How To Become A Voice Actor 4

The Casting Process that Gets You The ‘Big Bucks’ –  TV Jobs!

When you’re just starting out or building your voice over career and repertoire, it can be a bit of a mystery exactly how or why you may have been selected to submit your voice for an ad or campaign or…(reason to celebrate)…won the job!

I know you want to know all you can about how to become a voice actor, so here goes!

I want to talk about what I call the ‘high end’ of voiceover work.  That is, the work you get that comes from an Advertising Agency or Production Company who have clients who have an annual budget for their advertising.

To create the sound design and cast the voice talent, the agency works with a Sound Studio.  Their intention is to create a stand-out’ job.  Potentially an award-winning job that will not only help to lift the Advertisers profits, it’ll also help to increase the value of the Ad Agency.

The truth is, choosing the right voice for a commercial or a campaign isn’t just a game of ‘eeny-meeny-mine- mo’, or a ‘random act of selection’.  There’s a science behind it and it’s all about one little word…‘branding’.

You will have heard the word before, I’m sure.  If you’ve been a regular watcher of ‘The Gruen Transfer’, which is compulsory viewing for anyone in voice over, you’ll have heard it a million times, so let’s talk about it and how it relates to you…the voice actor.

Branding is the process of creating a unique name and image for a product and then rolling out advertising that’s targeted to the market the advertiser believes is buying or will potentially buy that product.

Branding is, of course, considered successful when that product out-performs the competition in its marketplace, and establishes strong customer loyalty.  Advertising agencies spend a lot of time talking with their clients about it.

So, what is the process they go through, to find just the right voice, the one that ticks all their branding boxes?

Well to begin with, an enormous amount of research will have been undertaken by the client with their advertising agency to discover just who their market is.  Market research and focus groups are considered an important tool for finding out what the market does… and what the market wants.

Through this process they’ll be very specific when it comes to finally ‘nailing down’ their customer.

They may create a set of adjectives or descriptive phrases, or words that conjure certain feelings.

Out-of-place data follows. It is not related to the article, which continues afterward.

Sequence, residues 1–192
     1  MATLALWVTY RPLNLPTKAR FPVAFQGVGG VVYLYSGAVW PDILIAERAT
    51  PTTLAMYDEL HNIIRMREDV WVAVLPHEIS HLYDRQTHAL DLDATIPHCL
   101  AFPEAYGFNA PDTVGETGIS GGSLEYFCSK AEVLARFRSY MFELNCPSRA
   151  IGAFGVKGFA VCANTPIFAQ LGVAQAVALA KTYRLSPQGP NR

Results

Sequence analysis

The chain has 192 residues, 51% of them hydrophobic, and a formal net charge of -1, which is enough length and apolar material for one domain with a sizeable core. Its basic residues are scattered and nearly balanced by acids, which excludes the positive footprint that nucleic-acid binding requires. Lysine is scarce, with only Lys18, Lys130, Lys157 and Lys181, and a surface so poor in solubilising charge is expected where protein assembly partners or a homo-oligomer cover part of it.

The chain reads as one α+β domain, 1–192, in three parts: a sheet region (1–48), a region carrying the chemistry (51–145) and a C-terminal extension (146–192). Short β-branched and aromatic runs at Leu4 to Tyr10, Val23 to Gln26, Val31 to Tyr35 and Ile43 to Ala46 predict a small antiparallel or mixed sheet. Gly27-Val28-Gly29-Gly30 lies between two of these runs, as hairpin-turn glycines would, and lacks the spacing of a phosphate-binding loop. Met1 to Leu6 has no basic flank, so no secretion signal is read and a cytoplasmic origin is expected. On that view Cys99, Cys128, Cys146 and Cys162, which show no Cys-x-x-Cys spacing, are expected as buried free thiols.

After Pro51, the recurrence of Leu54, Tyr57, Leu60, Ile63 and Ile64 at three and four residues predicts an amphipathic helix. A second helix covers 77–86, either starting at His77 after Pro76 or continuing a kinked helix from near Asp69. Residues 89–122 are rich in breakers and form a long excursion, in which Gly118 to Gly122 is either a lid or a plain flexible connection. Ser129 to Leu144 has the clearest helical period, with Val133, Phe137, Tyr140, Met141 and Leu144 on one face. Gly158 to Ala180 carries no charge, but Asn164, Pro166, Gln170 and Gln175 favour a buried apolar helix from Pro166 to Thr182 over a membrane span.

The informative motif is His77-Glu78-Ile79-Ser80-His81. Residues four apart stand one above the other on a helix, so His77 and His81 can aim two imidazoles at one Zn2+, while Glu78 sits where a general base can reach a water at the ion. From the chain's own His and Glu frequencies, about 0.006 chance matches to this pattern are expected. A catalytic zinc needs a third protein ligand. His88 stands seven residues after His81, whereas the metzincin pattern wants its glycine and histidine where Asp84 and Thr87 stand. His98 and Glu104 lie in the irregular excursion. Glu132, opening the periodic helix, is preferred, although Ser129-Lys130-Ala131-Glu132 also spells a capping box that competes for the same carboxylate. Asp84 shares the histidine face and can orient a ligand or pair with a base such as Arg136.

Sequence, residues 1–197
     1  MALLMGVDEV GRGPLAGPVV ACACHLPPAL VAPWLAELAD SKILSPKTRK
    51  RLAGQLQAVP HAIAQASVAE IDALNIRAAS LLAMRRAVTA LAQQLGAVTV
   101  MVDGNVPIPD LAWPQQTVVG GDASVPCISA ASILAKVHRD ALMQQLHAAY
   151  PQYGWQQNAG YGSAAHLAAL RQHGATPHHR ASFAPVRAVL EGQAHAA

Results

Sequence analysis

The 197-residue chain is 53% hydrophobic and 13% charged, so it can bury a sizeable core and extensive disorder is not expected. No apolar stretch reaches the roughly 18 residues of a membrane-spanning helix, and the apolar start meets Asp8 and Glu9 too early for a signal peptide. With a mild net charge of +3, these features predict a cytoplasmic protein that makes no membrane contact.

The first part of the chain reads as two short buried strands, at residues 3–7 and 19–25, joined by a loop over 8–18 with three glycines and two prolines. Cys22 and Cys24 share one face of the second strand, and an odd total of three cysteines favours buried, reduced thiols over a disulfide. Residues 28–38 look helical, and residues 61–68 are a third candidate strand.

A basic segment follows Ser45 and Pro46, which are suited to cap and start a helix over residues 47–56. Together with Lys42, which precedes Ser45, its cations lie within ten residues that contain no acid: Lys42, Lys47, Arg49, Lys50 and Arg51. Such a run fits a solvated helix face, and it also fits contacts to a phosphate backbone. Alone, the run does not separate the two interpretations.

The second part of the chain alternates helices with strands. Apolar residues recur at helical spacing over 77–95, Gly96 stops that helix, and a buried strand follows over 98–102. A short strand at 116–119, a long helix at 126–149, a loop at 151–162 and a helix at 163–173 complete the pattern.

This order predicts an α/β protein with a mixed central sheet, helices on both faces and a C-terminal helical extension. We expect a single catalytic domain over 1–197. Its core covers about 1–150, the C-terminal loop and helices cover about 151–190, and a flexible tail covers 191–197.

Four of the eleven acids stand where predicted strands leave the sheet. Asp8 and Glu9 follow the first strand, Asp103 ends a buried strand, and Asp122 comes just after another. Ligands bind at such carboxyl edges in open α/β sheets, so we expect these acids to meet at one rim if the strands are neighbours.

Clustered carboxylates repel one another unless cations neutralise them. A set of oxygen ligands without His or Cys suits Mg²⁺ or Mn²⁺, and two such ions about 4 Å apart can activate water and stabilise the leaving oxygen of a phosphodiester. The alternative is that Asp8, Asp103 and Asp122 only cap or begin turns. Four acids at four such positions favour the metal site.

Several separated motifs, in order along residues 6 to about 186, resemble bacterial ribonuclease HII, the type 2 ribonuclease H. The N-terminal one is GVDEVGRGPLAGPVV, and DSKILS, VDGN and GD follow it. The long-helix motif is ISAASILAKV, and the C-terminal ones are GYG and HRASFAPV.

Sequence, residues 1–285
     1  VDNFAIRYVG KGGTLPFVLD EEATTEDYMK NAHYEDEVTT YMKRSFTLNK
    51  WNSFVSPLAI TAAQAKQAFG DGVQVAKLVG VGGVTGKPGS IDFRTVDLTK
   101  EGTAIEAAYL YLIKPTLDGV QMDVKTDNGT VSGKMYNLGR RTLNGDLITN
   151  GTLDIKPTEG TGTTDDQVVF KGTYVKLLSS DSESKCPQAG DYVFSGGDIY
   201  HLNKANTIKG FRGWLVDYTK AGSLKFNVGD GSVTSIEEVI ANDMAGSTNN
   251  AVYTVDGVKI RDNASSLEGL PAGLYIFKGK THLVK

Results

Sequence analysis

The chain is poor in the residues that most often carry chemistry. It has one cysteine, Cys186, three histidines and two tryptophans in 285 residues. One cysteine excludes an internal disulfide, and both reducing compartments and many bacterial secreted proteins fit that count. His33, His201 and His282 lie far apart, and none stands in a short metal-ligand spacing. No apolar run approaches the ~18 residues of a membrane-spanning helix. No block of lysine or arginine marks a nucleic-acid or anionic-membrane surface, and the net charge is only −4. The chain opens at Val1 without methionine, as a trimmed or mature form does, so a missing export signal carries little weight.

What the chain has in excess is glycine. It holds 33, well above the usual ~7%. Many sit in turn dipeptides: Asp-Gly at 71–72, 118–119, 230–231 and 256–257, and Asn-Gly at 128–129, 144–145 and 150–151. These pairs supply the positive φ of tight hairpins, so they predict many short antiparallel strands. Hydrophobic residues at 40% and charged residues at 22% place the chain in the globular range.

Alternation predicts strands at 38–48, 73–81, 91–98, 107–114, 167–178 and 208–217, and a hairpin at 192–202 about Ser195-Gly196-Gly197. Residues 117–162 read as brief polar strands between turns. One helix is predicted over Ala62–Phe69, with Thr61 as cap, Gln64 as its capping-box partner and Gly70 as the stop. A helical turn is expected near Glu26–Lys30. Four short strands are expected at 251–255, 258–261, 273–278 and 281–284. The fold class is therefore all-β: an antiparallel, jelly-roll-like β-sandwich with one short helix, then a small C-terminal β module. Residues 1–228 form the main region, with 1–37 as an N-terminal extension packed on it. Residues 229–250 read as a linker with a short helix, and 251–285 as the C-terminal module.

Sometimes they can be as specific as designing all the traits of their ‘one perfect customer’.

Let’s say, the product is a new brand of low GI champagne.  Who knows!  They might invent it one day! They may have a description like this, ’35 something female, corporate job, serial online dater, dreaming of falling in love and settling down.  She goes to a gym, shops exclusively online and drinks champagne.  Her friends find it refreshing that she’s straight-talking, knows what she wants and cuts-to-the-chase’…that kind of thing.

When the ad agency has an image that is as specific as this, they’ll write ads for that specific person, so when it comes to casting the right voice for their ads, whether it’s a voice over for a television ad or for a radio campaign, they’re listening for a voice that embodies the character and personality of that ‘one perfect customer’.

When it comes to listening to demos for their potential voice, they may cast in a couple of different ways.  They could send an outline of what they’re looking for, a ‘brief’, to the recording studio they plan to record at, for suggestions.

This will be what they do if they want the engineer or casting person at the studio to ‘find’ them a voice from all who are available who fits the brief.  These may be voice actors who are unrepresented or new to the business, as well as those who are most experienced and are represented.

They may also choose to go onto the Voiceover Agent or Theatrical Agent websites to browse the site for a voice that resonates or they may call the agent direct to ask for suggestions.

Sometimes the brief might even include, ‘get an experienced voice actor’.  Sometimes they might even request certain names, voice actors whose work they are familiar with.  Sometimes the request might be ‘find me a new voice’…’a stand-out different voice’…or any other specific they may think they’d like to hear.

Sometimes part of the criteria for selection as ‘the voice’, of a certain brand, is that the person will be available to be ‘the voice’ long term.

Not only will they want to create strong brand recognition with their chosen voice, they want the voice to be available to them.  So, often part of the brief will be, ‘must be available to record radio and television campaigns for 12 months’ for instance.

You know, it’s a truism in advertising that certain voices resonate with audiences more than others…that some voices become like a trusted and familiar family friend.  It’s been this truism that has given many voice artists their long and successful careers.

When you’re learning how to become a voice actor, understanding how casting works will make it easier for you to make sure that when you make your demo, the material on fits just who you are with the kind of work you’re likely to get.

Next time, I’m going to talk about your demo in this casting process and how to optimise your chances of getting a job from it.

Until then, happy voiceovering!